Know Your Value of Values

It was simple. The first bookend of my formal theological training was grounded in an easy-to-the-point-of-jolly ambition: learn as much as I can about Jesus and teach it to others. What fueled my pursuit of pastoral ministry — and all the training involved — was not what I understood about the Bible or hoped to learn, but how glorious I perceived Jesus to be, despite how much my perception of that glory was green and raw and English (KJV to be exact).

Desperate for That Same Initial Resolve

Now fifteen semesters later, with some summer intensives sprinkled in between, I long to walk away from seminary with that same initial resolve — a resolve to proclaim and exalt Jesus so that he is worshiped and loved. This kind of resolve, conviction, intentionality — it’s indispensable. We’re desperate for it. Because without it, we finish seminary in worse shape than when we started.

But how can this be? Knowledge is sneaky like that. The more of it we get, the easier it becomes to slip into a mode of life that assumes accumulated information equals gospel maturity. It doesn’t. Left unchecked, there is an inertia in gaining knowledge that moves us away from grace — away from a passion for God’s purpose for the world, away from the sufficiency of Jesus, and away from our small part in it all. We might end up smarter, but we won’t be apt ministers of the gospel.

So What Are We All About?

It’s good for us to step back and think down to the bottom of what’s going on. Here is where we find our resolve. What is the value that drives our training?

Consider institutions for a moment: good institutions are ones that know their values. Knowing values and being committed to them is the 101 anchor to keeping an organization faithful in the uncertain future. As seminarians and aspiring church leaders (and humans), our immediate future is uncertain, too. We don’t really know what we’re doing (that’s why we’re in seminary and not pastors). We don’t really know where we’ll end up (planned opportunities may fall through and others will come). We don’t really know what theological commitments will be intensified or leveraged (oh, so credo-baptism isn't of equal importance to the deity of Christ).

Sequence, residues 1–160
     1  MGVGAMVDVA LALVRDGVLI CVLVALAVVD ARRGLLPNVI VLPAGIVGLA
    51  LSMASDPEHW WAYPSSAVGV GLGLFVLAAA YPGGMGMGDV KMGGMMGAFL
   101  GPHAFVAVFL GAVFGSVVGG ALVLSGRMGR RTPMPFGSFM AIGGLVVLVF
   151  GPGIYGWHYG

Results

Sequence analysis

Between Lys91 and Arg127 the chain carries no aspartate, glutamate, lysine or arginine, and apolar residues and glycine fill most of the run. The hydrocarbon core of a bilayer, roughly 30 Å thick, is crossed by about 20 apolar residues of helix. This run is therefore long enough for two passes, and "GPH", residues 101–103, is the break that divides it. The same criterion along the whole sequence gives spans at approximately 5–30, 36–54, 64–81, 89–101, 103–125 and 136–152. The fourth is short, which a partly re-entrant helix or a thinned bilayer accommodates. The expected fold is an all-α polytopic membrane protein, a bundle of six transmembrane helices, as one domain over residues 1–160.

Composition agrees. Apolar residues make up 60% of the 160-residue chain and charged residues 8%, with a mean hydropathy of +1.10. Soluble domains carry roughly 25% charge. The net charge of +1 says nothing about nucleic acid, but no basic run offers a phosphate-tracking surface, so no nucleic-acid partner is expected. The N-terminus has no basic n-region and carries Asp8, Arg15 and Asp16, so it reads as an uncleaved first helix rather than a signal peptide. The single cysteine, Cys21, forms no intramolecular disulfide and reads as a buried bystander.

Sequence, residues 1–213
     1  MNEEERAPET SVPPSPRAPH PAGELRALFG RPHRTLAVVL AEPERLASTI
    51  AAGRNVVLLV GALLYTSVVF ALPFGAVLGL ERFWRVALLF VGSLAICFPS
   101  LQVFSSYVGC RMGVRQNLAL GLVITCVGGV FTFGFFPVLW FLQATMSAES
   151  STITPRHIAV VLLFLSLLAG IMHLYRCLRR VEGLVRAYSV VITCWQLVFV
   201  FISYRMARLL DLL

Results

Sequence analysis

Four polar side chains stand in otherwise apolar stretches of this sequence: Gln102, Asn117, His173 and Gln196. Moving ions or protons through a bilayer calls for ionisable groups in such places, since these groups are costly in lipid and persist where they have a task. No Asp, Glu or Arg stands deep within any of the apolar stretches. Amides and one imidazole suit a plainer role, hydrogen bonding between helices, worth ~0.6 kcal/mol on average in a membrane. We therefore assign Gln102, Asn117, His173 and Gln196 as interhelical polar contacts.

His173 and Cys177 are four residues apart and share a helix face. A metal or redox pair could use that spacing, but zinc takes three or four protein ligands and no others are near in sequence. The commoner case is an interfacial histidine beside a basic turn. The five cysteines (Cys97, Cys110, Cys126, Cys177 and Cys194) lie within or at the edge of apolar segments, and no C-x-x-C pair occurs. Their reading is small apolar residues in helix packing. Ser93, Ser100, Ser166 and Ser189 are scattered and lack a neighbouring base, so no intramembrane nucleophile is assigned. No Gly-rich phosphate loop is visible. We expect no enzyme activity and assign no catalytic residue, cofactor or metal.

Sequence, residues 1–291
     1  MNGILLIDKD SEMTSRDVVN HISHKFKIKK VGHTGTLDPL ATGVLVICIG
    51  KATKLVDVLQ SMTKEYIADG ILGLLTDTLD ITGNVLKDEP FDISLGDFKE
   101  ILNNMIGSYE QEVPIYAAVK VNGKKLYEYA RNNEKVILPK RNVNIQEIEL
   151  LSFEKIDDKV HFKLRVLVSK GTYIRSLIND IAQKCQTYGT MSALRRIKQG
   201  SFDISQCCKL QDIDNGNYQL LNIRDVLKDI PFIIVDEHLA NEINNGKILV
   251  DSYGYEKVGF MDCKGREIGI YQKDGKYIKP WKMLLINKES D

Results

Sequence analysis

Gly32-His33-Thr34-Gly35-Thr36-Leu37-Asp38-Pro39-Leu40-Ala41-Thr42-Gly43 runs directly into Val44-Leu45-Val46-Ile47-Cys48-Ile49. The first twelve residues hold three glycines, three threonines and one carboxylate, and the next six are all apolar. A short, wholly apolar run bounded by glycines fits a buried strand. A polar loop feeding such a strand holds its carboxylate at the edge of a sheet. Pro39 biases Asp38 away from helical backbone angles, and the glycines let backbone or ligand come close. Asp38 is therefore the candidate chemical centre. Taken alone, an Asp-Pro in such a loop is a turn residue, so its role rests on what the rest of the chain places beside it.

But this we do know: we value something. We know what we care about. More than anything else, by grace, we want Jesus to be high and lifted up. We value his name. We are committed to his fame and renown. We want the fullness of God’s person to be displayed for the delight of his people in all that he is for us in Jesus Christ. This is our value of values. We are about the glory of God.

And it might help to write this down. Changing to the second person, I really encourage you to write this down. Put it in your own biblically informed words, or take a quote straight from Romans. Maybe make it your “personal mission statement”, a clear but rich sentence that encapsulates your sense of call. Or maybe just string together a few important words (no need for complete sentences). Write it down, sketch it out, have it crystallize in your mind and heart. Make it something that you can come back to again and again. We are about the glory of God.

The Single Thread

This is the single thread to interweave throughout all our training. It’s our foundation, center, and end. Parse those Greek verbs. And yearn more than anything else for Jesus Christ to be honored in your body whether by life or by death (Philippians 1:20). Explain the significance of the early church councils. Jesus must increase, but we must decrease (John 3:30). Get a grip on Hebrew syntax. We preach Christ crucified, though it’s foolish to the world (1 Corinthians 1:23). Articulate economic submission in the Trinity. We proclaim Jesus as Lord, not ourselves (2 Corinthians 4:5). Try to understand church polity. It is Christ we proclaim in order that we may present everyone mature in him (Colossians 1:28). Learn how to structure sermons. Our own lives are cheap, if only that we may finish our course! (Acts 20:24).

I pray that the great, initial passion of our hearts at the beginning of formal theological training would be the great, persevering passion of our hearts at the end, both of our training and of our lives. That we would say, we have not studied nor have we lived for ourselves, but for him who for our sake died and was raised (2 Corinthians 5:15).